You might think the unofficial airline of the ultra-tech savvy would understand the power of social media to communicate both positive and negative messages.
Up until recently Virgin has benefited from an outpouring of positive social media messages spread by its army of loyal supporters. Lately, however, the coin has flipped and they are on the receiving end of a deluge of negative press brought on by the implementation of a new reservation system which has led to delayed flights, problems with their customer service system and problems with their web site.
What I found most interesting about this debacle is the response from their spokesperson: "Virgin spokeswoman Abby Lunardini said, “It’s a once in a lifetime cutover for an airline. If you look at the past history of cutovers [to new reservations systems], they never are easy for airlines. Every airline has tended to see issues for weeks, if not months afterward.”
Am I to infer from this statement they knew how bad it was going to be and did nothing to mitigate the problems they anticipated? That seems very...um, 20th century.
All of this negativity could have been avoided with the proper use of their huge social media network.
1. Communicate what's coming so guests can be prepared. Nobody likes surprises, especially surprises that work against them or inconveniences them in ANY way. Don't assume things will work themselves out eventually. This is a recipe for social media disaster. (see the recent example set by Netflix.)
2. Increase your social media diligence and be ready to handle the questions, complaints or suggestions which are likely to start rolling in within MINUTES of the changes. Don't wait until the problems start popping on as a feature story at CNN. Be ready to address every problem that comes in IMMEDIATELY.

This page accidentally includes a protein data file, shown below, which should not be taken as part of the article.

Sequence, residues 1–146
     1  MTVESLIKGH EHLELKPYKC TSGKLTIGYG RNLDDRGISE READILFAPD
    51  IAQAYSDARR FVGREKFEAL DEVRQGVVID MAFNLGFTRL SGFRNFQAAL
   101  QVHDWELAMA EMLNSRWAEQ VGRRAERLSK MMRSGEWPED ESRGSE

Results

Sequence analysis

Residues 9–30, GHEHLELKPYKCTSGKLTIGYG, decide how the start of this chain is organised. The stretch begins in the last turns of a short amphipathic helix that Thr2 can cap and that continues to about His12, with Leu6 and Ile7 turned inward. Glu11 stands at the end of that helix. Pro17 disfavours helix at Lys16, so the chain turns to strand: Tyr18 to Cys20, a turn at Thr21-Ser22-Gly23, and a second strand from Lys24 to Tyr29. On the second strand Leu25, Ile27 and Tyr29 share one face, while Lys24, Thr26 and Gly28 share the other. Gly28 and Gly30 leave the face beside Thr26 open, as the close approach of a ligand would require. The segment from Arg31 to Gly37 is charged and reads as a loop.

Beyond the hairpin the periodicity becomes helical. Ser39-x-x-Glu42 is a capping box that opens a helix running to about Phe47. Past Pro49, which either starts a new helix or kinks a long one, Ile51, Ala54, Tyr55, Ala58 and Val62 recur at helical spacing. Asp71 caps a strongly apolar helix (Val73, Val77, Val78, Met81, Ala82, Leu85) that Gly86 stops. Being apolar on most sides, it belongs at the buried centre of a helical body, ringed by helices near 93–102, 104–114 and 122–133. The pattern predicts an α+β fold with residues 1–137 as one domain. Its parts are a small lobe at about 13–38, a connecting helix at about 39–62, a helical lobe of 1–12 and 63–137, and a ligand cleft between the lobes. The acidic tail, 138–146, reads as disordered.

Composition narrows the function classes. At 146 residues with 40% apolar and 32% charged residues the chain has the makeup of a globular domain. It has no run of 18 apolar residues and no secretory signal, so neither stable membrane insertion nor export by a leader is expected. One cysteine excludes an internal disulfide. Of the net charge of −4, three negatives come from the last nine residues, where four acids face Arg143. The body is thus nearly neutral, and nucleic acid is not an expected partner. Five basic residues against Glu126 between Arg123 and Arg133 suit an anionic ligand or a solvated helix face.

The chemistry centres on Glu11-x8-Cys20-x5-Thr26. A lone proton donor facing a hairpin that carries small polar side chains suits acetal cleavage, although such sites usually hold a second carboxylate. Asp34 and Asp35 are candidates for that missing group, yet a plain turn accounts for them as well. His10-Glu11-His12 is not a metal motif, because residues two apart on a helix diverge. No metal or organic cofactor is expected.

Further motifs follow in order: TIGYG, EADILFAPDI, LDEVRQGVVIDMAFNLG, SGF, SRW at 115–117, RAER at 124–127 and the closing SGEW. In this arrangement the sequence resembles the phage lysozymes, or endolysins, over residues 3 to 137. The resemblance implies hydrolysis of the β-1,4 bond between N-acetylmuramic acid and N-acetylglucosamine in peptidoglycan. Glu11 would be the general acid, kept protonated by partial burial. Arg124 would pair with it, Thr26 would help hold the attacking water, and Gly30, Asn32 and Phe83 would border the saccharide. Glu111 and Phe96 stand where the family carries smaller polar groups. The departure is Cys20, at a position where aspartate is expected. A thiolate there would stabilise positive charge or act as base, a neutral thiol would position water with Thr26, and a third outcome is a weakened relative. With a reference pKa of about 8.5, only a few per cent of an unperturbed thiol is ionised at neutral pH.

3. Review your plan again. If you believe the plan you are about implement is going to cause problems for your customers ask yourself if it is really worth the trouble you are going to cause. If it is, if there truly is no way around the changes you are about to implement, let your customers know as soon as possible. Tell them what problems you anticipate this will cause for them. Solicit their feedback BEFORE you implement the changes. It is possible will someone will make a suggestion or piece of advice which might help you improve your plan. It at least shows you care enough to make the transition as painless as possible.
These are three simple steps Virgin Airlines could have taken to make this less of a disaster and more of a seamless integration of new technology. Instead it has cast a shadow on their (until now) spotless record of flawless customer relations and made them yet another example of What Not To Do.
Lunardini said that a major deployment that went in on Friday should fix many of the issues that customers are experiencing. She hopes that any remaining issues will be fixed with another deployment schedules for Dec. 8.
Once the bugs are worked out, the Sabre system will allow Virgin to offer new capabilities such as codesharing with V Australia and Virgin Atlantic, an elite program for very frequent fliers and mobile tools.
“We are hoping that when we get on the other side of these last errors that guests will still enjoy the experience with us and stay with us,” Lunardini said.
In the meantime, frustrated passengers continue to use social media to vent. To its credit, Virgin America is leaving negative comments up on its Facebook page, where it could easily remove them.
“Arrrgffhggh. – based in silicon valley – high tech airline that can not get it’s website working for weeks – wrong. Hold time on phone over 47 minutes !!,” wrote commenter Winston Vaughan.
Click here to read more about the Virgin Airlines debacle.